Podcast Episode 207: Excuses for Not Going to an Advisor

Today’s Wisdom:

We all know that regular check-ups are beneficial to our health but plenty of people still put it off. Many of the same excuses people make for not going to the doctor are used for avoiding a visit with a financial advisor. Let’s take a closer look at why people procrastinate with their finances and give you some reassurance to ease any of those concerns.

Want to save time? Click the timestamps below to jump ahead to specific spots in the episode.


What You’ll Learn:

Think about the reasons you give for putting off a trip to the doctor. We all use many of the same excuses even though we know we’d be better off getting a check-up.  

After your physical health, financial health should be near the top of your list, which is why it’s not too surprising that people procrastinate in that area as well. In this episode, we’ll explore the most common excuses people use to avoid meeting with a financial advisor and then let Joel address each one individually.

First on the list deals with cost. One of the main reasons we don’t go to the doctor is because we’re worried about how expensive that trip will be. But the first consultation for many financial firms is going to be complimentary. Often times they’re looking to see if you’re a good fit just like you are doing with them. Everyone wants to make sure the match works so take advantage of that first visit to see what planning might look like.

The second similarity is that we often want to avoid what we don’t want to hear. Many people don’t go to the doctor because they know they’ll tell them to drop the bad habits, but will an advisor always direct you on the things you shouldn’t be doing? For us, we don’t really give budget advice because most clients are beyond that point. But we will give specific guidance on best practices to get finances on track.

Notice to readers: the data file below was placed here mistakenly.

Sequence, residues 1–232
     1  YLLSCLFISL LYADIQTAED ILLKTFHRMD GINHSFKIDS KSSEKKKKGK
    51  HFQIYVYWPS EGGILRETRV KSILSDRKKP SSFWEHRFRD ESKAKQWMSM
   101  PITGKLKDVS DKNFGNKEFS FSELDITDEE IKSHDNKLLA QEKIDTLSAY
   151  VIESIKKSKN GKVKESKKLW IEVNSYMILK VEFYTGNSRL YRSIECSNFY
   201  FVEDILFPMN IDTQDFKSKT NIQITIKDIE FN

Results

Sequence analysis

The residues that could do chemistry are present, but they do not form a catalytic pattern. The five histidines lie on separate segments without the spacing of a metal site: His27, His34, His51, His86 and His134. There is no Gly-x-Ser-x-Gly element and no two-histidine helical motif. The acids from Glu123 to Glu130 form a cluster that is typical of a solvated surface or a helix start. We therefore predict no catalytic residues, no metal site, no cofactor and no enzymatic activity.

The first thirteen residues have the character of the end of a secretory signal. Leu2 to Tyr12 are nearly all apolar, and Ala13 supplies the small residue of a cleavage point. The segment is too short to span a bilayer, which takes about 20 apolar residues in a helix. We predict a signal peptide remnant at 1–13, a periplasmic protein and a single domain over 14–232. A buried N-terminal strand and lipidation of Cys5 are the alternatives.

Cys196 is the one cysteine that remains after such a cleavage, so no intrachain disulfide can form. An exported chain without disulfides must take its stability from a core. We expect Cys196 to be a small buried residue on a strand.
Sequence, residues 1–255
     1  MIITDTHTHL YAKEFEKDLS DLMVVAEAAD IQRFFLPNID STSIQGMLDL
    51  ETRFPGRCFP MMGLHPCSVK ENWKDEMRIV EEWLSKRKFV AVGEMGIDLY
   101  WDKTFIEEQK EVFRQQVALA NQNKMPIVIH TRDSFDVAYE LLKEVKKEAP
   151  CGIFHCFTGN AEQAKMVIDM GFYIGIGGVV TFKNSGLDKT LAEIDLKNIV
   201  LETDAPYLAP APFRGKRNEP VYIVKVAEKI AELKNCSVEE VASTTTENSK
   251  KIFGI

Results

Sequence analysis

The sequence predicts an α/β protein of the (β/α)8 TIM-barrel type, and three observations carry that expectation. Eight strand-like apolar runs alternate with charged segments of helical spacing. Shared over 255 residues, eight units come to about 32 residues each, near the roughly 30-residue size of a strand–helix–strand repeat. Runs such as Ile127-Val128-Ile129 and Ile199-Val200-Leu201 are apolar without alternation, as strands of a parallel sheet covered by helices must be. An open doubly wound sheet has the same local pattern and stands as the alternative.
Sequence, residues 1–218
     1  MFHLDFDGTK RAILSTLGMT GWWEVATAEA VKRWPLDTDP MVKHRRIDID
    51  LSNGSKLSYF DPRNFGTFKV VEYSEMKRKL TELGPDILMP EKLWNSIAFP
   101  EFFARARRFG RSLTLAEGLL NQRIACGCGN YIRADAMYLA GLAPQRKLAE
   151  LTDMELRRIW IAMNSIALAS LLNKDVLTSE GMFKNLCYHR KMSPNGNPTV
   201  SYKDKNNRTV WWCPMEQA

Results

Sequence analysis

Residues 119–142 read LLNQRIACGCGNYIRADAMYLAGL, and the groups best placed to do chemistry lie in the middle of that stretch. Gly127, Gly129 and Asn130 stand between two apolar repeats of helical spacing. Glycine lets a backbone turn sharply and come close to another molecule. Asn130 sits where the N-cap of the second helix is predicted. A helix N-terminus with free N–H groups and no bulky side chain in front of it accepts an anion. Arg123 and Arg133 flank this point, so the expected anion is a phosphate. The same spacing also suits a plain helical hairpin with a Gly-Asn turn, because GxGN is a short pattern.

The next excuse is feeling like you don’t know much about finance and thinking it will be embarrassing to sit down with an advisor. This is a common feeling but the only way you’ll learn more is to sit with someone that can explain it to you in a simple way. That’s what the best lawyers, doctors, advisors, and other successful professionals do really well. 

The last reason people have for avoiding the advisor is they just don’t want to hear bad news. For some, it’s better to not know than to hear the bad news. Regardless of how uncomfortable it makes you feel, you’ll always be better to know the truth and have the time to make adjustments. You need to do the right thing in regards to your money and taking a proactive approach to planning. An advisor will help you through that process and make it as easy as possible for you.

For us, we offer the Money Map review process that can help give you a full financial check-up and determine problem areas in your retirement plan. Contact us if you’d like to start that process.

Let’s get started with the show. You can listen to it by using the audio player above and click on the timestamps to skip to a specific topic of conversation.

[0:10] – Does Joel get regular physical check-ups?

[1:56] – It’s going to be expensive

[2:48] – Being told what not to do

[4:32] – Embarrassment over how much you don’t understand

[6:40] – They’re going to give me bad news

[8:26] – Our Money Map review

Thanks for listening to this episode. We’ll be back again next week for another show.


Final Thoughts:

“Very rarely do we actually give budget advice. Typically what we’re doing is analyzing what somebody has….and looking at what they say they want in retirement and seeing if those two things don’t match up.”

– Joel Johnson

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